It feels like a squeezing, pressing pain in your chest. You can sometimes
feel it in your arm, jaw, shoulder, back or neck. It usually lasts only
a few minutes and is generally relieved by medication or rest. This is
angina, a warning sign of heart disease. If left untreated, it can lead
to heart attack or even death.
What causes angina?
Angina is chest pain due to your heart not getting get enough oxygen-rich
blood, which it needs to keep pumping. This is because of narrowed arteries
in the heart. You may feel it during certain activities such as exercise,
or when you are upset. Extreme temperatures, overeating, alcohol and smoking
can bring on this condition. Nausea, lightheadedness and sweating may
also occur. Sufferers have a higher chance of heart attack.
What is the difference between angina and a heart attack?
With both a heart attack and angina, part of your heart muscle is not getting
enough oxygen because of reduced blood flow in the arteries. With angina,
there is no permanent heart damage. But during a heart attack, the lack
of oxygen lasts longer and damages the heart.
Stable and unstable angina
The most common forms of angina are stable and unstable angina. If the
pain happens during certain activities, it’s called stable angina.
But if chest pain doesn’t occur because of a specific reason, becomes
more severe or frequent, or lasts longer, the problem is unstable angina.
Unstable angina can happen while resting.
Lifestyle changes can help with angina
- Lifestyle choices can decrease chest pain and reduce your heart risks.
Within weeks, you could feel better. Doctors recommend the following:
- No smoking
- Control high blood pressure, cholesterol and diabetes
- Maintain a healthy weight
- Eat a low-fat diet
- Avoid certain foods if they trigger chest pain
- Keep alcohol intake to a minimum
- Stress management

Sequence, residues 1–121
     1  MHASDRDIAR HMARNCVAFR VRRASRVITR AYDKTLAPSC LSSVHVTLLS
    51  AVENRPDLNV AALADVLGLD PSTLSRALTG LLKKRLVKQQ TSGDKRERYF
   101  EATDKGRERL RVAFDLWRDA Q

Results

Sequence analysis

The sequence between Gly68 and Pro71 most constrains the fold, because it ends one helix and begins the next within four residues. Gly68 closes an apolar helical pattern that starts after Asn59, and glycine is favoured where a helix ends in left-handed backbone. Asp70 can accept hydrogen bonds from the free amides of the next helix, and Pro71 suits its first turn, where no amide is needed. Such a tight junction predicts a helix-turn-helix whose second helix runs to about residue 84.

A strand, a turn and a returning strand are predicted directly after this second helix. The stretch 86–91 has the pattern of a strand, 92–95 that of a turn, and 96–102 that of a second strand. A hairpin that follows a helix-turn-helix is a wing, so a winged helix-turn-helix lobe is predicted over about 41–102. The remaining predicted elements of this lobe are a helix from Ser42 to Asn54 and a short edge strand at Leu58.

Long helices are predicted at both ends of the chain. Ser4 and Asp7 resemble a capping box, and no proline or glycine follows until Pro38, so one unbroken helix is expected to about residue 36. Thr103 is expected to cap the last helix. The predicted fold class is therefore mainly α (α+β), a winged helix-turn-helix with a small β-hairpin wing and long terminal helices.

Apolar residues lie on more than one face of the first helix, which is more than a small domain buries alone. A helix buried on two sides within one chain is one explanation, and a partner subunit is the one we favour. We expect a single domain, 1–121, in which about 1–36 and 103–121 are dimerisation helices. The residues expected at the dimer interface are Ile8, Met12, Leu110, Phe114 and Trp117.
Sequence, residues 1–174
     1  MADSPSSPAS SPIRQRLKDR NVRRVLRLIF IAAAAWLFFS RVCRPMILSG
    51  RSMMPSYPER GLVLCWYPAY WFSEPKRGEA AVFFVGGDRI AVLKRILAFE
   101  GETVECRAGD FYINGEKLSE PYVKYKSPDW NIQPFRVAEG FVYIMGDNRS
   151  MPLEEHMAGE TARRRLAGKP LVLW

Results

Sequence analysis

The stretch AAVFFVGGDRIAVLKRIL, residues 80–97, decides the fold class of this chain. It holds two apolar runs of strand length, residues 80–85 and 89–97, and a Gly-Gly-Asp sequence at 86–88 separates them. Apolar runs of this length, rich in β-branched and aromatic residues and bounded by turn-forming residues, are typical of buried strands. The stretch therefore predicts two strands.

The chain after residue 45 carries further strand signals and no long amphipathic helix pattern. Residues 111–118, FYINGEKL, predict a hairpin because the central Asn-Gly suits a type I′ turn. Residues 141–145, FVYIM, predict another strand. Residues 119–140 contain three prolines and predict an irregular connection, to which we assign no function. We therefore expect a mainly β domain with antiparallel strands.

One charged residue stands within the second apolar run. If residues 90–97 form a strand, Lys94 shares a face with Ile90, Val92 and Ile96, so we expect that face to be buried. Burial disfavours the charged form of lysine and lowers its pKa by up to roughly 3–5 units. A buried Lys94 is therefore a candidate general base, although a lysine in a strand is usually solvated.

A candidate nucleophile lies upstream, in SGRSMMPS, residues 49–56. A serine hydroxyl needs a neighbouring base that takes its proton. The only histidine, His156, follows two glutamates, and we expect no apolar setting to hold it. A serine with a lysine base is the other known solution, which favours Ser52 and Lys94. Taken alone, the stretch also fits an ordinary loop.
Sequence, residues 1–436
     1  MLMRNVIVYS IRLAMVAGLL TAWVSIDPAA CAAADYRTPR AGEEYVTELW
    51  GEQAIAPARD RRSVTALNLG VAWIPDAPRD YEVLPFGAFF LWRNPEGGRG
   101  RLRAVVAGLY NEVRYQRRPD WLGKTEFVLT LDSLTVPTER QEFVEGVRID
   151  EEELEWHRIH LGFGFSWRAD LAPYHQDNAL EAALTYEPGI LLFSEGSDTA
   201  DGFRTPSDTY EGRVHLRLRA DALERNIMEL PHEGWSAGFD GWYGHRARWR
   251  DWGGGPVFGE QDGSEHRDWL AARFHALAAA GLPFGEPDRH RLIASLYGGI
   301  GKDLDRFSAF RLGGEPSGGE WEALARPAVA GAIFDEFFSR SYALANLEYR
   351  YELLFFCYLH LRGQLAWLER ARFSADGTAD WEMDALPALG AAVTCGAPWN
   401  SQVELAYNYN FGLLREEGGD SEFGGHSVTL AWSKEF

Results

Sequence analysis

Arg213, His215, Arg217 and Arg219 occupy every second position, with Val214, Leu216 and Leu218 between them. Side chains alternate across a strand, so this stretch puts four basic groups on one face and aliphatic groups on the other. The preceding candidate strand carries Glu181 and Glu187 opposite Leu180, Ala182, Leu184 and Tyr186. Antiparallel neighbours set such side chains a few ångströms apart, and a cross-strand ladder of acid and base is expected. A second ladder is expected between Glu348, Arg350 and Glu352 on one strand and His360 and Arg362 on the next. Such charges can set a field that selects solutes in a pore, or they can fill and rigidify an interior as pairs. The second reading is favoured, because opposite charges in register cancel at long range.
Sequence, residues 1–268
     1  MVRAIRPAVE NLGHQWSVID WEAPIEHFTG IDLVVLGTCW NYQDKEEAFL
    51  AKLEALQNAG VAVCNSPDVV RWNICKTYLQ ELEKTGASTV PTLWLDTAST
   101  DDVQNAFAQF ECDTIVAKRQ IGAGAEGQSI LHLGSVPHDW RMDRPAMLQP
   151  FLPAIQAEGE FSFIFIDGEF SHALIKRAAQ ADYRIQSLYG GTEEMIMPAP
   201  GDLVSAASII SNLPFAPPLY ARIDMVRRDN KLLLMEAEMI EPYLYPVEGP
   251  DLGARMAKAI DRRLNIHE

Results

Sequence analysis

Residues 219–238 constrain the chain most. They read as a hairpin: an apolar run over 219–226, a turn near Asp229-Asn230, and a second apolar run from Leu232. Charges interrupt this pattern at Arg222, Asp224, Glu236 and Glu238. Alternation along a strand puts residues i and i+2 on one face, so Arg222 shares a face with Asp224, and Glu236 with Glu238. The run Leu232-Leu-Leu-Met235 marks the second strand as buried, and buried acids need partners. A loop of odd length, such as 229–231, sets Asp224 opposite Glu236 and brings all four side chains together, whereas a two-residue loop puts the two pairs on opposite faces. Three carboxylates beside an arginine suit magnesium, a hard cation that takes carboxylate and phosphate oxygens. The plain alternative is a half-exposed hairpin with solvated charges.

- Appropriate exercise on an individual basis
- Cardiac rehabilitation aimed at improving heart health through exercise
What can I do for the pain caused by angina?
- Prescription medicines can help improve blood flow. Nitroglycerin is one
type of medication that widens the blood vessels and helps the heart manage
blood flow. Beta blockers that lower heart rate and calcium channel blockers
that increase blood flow can also be used.
- Taking an aspirin daily can help reduce the pain.
What can be done for severe angina?
If you develop severe angina or are at high risk for a heart attack, you
may require one of the following procedures:
- Angioplasty: which opens up arteries to improve blood flow and ease chest
- Bypass surgery: a blood vessel is grafted onto a blocked artery to bypass
the blocked section and increase blood flow to the heart.
- Transmyocardial revascularization (TMR): for people who aren’t candidates
for angioplasty or bypass surgery, the procedure involves using a laser
to create tiny holes in the heart, which relieves chest pain.
Tell your doctor about any chest pain. If it’s severe, or the pain
persists, call 911.
To learn about Saint Francis Hospital's Cardiovascular Services, please